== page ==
Thomas Albert (Tal) Howard, The Phyllis and Richard Duesenberg Chair in Ethics and Professor of History at Valparaiso University, is a former Lilly Postdoctoral Fellow (1997-1999). Here’s a link to his timely, insightful article from 2/14/17 on “Christian Colleges in the Age of Trump.”
The Lilly Fellows Program’s Postdoctoral Fellows continue their weekly colloquium this spring with a new question: How do practices and perspectives from Christian faith and tradition already inform our teaching, and how might they shape our vocational aspirations as teacher/scholars? The discussion has moved from, in the fall, broader questions relating to the overall academic environment to more specific considerations, drawing on our own teaching experiences and aspirations.
The guiding text has been David I. Smith and Susan M. Felch’s recent book Teaching and Christian Imagination (Eerdmans, 2016). Far from a simple “how-to” book, it invites us to meditate on several images that have resonance with teaching and learning. The colloquium has considered the book’s metaphors of pilgrimage, gardening, and building, asking to what extent these are relevant and fruitful in our day-to-day (and lifelong) vocations in education. Although our teaching often relies on metaphors such as these (consider “planting seeds,” “laying a foundation,” or the very term “curriculum,” which, the authors point out, means in Latin “the act of running” or “race track”), we don’t often reflect on the full extent of their use, nor do we often realize the grounding they have in tradition and scripture. With this book, we’re gently reminded of the wide variety of useful imagery available to us as we design and deliver our courses. The book shows us that the Christian imagination and metaphorical thinking can be a rich source of wisdom for the classroom and curriculum. Imaginative teaching may be able to reach students in ways that technique and disciplinary knowledge alone cannot.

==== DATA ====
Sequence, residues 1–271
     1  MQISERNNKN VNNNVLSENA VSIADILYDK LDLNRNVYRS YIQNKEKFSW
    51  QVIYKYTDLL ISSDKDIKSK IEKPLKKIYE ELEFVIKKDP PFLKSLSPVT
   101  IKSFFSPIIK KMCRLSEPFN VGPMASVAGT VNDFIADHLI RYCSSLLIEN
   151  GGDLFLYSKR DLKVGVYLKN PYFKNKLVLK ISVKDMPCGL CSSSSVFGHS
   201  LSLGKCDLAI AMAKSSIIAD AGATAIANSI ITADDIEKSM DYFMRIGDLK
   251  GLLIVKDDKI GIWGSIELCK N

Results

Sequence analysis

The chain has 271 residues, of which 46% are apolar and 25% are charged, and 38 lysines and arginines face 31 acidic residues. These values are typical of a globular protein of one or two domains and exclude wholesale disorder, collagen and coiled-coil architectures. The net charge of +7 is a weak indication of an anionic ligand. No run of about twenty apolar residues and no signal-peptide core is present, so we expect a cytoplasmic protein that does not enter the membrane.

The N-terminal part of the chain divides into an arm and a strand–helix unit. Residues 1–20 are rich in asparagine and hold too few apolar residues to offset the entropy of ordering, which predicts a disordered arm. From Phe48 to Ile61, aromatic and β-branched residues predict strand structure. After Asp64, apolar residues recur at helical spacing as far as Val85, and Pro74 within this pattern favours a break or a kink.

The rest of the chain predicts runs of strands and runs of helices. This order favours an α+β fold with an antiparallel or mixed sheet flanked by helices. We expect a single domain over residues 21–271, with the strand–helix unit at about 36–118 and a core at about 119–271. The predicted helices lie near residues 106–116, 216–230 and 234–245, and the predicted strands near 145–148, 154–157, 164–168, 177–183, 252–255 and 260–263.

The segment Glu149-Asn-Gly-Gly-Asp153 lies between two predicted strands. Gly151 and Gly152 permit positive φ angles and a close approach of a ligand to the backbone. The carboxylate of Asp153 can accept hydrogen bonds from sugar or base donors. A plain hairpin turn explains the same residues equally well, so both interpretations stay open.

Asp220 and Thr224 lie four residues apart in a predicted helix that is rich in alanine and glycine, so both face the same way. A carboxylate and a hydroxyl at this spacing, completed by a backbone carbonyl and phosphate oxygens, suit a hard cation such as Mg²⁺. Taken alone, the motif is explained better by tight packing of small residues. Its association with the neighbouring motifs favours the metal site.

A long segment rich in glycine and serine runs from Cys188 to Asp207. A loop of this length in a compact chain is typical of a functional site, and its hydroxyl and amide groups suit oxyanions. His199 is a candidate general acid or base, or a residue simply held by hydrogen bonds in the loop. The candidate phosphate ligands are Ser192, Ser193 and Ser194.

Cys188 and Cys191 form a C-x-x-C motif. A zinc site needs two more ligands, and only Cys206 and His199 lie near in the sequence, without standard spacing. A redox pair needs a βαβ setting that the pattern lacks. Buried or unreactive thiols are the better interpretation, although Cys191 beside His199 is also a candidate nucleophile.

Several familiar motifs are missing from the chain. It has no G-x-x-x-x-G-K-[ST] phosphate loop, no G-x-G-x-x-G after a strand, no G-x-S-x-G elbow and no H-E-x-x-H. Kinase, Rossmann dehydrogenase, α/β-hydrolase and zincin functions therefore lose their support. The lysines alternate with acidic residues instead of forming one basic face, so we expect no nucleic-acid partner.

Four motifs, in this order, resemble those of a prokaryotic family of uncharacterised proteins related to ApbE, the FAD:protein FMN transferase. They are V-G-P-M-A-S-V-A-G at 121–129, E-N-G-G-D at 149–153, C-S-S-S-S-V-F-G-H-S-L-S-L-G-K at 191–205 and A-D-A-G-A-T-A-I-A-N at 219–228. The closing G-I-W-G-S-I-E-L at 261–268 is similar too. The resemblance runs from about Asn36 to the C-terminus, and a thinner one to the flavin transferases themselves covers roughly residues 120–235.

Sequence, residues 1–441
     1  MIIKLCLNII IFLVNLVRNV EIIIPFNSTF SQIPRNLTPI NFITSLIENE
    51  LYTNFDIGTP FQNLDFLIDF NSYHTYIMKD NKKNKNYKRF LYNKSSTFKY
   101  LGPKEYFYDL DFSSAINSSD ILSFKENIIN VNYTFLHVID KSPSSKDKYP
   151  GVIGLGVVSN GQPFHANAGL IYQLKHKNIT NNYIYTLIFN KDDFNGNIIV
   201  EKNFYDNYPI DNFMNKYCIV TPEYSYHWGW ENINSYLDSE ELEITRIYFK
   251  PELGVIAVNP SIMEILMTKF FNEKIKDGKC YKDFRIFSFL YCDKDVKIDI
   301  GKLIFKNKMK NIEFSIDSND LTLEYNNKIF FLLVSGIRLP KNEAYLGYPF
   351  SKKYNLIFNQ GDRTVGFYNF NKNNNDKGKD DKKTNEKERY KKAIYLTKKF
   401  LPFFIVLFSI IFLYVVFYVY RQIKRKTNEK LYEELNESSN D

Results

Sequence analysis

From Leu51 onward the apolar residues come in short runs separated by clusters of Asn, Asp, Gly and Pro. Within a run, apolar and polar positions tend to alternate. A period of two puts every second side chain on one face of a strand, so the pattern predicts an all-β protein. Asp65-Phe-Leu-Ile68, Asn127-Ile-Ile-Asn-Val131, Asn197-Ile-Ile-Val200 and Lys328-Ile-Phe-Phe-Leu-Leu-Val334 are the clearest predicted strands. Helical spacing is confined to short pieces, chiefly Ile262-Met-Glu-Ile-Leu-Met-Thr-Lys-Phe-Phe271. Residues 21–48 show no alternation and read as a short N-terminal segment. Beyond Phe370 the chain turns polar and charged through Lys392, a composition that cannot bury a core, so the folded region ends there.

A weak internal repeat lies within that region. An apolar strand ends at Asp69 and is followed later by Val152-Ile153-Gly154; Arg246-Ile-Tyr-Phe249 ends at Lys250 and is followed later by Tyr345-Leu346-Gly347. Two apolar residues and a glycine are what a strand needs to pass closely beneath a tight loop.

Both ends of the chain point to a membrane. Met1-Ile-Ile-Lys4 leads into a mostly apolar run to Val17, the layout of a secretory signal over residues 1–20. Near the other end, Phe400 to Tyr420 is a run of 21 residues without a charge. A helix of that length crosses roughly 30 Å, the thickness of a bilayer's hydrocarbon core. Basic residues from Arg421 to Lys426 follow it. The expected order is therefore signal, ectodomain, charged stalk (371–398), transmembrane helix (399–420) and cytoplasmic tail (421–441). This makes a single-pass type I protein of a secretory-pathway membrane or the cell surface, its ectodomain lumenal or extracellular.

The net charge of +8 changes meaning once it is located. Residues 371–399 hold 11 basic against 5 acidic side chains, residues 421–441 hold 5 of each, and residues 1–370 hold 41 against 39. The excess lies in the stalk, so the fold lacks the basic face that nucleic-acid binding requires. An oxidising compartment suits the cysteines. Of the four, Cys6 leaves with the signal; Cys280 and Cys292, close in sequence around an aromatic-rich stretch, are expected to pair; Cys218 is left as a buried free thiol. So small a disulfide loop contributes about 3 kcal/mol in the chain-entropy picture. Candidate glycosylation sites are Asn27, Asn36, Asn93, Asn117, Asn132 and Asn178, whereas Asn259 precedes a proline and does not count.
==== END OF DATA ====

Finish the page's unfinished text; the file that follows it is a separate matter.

The authors do not attempt to answer every question they raise, nor do they suggest everyone ought to make use of the book in the same way. Moreover, the book’s meditative, poetic quality calls for the reader to take it slowly and not all at once. In fact, the colloquium at one point considered whether we were reading it the wrong way by reading from cover to cover, without interlude. Other reading strategies would be interesting to try, but ours nonetheless gave us some useful new tools to try out in class, and a new perspective on the classroom community. Truly, it’s a book out of the ordinary, representing a fresh, challenging, potentially fruitful approach to teaching.
Yet the integration of teaching and Christian imagination is not simple, as our discussion has revealed. Questions have been raised about the book’s metaphors: are they appropriate? Are some better than others? Does the “pilgrimage” metaphor extend to refugees and exiles? How do we overcome thinking of each other as strangers on the journey? How can we turn the educational pilgrimage into a communal adventure? If we are gardeners in the classroom, are we charged with planting, feeding, pruning, and harvesting? Who chooses the seeds? What do we do with the weeds that inevitably creep in? How can we think of an entire university as a garden, beyond the single plot that is our own classroom? Or, when it comes to the metaphor of building, what counts as a foundation? How do we involve students as apprentice builders? What happens when our edifice runs afoul of the building code? The questions have been many and deep, prompting our imaginations and offering much to think about after the discussion wraps up.
Posted by Joseph Goss